Six Crises

Front Cover
Warner Books, 1979 - Presidents - 554 pages
For many years before he became president, Richard Nixon's decisions vitally affected the well-being of the nation. Six of those decisions significantly shaped the man who would later become the thirty-seventh president of the United States. Six Crises is a close-up look at this dynamic man, recalling the demands placed up him, the thinking behind his decisions, and the pressures of political life. A best-seller when first published in 1962, it examines the turning points of Nixon's early public career - from the Hiss case the the Checkers speech to the kitchen debate with Krushchev and the presidential campaign against Kennedy in 1960. It provides a remarkable self-portrait of Nixon as congressman, senator, and vice-president, as well as a compelling window on history.

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About the author (1979)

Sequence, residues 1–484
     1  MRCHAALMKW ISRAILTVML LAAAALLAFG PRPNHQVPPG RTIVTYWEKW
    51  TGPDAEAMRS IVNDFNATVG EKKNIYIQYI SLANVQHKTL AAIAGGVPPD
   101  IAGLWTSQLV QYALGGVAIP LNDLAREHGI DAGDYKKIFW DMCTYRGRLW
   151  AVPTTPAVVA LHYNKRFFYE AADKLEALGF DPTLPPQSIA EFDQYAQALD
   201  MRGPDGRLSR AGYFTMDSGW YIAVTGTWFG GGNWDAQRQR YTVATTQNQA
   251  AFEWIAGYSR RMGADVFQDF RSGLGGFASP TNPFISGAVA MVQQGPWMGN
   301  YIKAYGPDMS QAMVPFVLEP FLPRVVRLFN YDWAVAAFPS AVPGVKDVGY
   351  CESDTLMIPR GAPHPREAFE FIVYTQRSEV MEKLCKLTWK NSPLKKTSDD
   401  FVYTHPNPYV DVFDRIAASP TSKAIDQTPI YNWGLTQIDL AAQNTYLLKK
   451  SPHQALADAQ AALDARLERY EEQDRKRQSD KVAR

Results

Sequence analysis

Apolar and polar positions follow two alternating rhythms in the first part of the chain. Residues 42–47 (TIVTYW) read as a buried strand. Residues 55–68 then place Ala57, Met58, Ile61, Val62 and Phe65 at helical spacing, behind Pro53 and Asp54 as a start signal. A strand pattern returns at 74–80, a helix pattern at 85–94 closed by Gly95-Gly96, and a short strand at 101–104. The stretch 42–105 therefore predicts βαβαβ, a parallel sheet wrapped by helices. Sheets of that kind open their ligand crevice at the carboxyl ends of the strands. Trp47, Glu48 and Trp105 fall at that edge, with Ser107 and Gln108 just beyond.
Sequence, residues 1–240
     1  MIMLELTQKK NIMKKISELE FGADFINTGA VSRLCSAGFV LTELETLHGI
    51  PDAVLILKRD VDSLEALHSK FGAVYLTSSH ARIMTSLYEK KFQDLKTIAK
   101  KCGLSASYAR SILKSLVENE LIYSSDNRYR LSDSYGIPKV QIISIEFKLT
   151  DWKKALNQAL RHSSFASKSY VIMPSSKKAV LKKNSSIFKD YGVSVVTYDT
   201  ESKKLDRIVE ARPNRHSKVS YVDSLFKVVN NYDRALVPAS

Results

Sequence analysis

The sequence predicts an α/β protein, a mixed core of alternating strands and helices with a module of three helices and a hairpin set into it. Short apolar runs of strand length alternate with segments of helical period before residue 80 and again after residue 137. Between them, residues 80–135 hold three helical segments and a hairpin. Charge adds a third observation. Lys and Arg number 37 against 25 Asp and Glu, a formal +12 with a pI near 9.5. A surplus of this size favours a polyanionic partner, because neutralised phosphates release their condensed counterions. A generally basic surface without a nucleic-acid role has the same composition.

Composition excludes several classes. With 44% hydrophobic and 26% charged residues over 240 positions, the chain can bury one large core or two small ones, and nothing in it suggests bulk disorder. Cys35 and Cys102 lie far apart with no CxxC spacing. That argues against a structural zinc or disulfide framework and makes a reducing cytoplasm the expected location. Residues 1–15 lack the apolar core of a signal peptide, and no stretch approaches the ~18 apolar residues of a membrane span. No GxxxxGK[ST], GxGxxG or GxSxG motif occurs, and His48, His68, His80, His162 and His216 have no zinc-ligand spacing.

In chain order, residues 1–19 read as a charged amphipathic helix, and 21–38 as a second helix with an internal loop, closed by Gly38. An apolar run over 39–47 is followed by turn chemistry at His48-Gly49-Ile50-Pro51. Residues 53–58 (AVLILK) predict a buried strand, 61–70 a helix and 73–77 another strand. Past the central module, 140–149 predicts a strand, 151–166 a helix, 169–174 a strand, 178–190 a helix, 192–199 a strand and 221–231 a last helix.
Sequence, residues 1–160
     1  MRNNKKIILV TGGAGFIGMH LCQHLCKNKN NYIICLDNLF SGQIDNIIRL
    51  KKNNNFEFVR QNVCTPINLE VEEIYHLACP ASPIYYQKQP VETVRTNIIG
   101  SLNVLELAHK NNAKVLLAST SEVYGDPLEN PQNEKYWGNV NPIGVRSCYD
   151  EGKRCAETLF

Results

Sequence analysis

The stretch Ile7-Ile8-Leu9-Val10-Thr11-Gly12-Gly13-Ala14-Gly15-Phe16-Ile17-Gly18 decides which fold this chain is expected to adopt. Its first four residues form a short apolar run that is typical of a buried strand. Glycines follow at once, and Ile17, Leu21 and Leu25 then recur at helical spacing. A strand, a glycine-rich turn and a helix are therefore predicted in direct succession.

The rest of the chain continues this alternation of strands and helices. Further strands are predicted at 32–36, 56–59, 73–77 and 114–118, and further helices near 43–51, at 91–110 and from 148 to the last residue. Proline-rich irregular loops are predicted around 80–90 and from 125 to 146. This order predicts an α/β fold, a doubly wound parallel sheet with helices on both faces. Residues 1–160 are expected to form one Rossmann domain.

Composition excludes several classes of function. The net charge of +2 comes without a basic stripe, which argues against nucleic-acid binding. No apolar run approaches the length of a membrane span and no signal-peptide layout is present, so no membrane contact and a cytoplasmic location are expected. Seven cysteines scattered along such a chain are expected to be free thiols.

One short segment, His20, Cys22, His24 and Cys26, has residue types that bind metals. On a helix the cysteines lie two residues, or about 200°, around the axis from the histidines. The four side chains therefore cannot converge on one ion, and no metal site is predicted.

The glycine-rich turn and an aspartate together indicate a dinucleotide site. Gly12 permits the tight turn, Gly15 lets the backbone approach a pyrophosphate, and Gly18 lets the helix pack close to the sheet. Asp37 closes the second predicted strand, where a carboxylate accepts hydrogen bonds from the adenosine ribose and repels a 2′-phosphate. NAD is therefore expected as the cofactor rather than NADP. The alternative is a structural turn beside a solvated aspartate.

Born in California in 1913, Richard Milhouse Nixon had an excellent record at Whittier College and Duke University Law School before beginning to practice law. During World War II, Nixon served as a Navy lieutenant commander in the Pacific. After he left the service, Nixon was elected to Congress and in 1950, won a Senate seat. Two years later, General Eisenhower selected Nixon, age 39, to be his running mate. They won, and Nixon learned much in the Vice Presidency. In 1960 he was nominated for President, but lost by a narrow margin to John F. Kennedy. In 1968, he again won his party's nomination, and went on to defeat Vice President Hubert H. Humphrey and third-party candidate George C. Wallace for the Presidency. His accomplishments while in office included revenue sharing, the end of the draft, new anticrime laws, and a broad environmental program. One of the most dramatic events of his first term occurred in 1969, when American astronauts made the first landing on the moon. In 1972, his administration was in turmoil as the Watergate Scandal was discovered and linked to officials of the Committee to Re-elect the President. As a result, Vice President Spiro T. Agnew resigned in 1973 and Nixon nominated, and Congress approved, House Minority Leader Gerald R. Ford as his new Vice President. Nixon himself felt it also prudent to resign rather than face impeachment, and so on August 8, 1974, he announced that he would resign the next day. At the time of Nixon's death, he had written several books on his experiences in public life and on foreign policy. Richard M. Nixon died on April 22, 1994.

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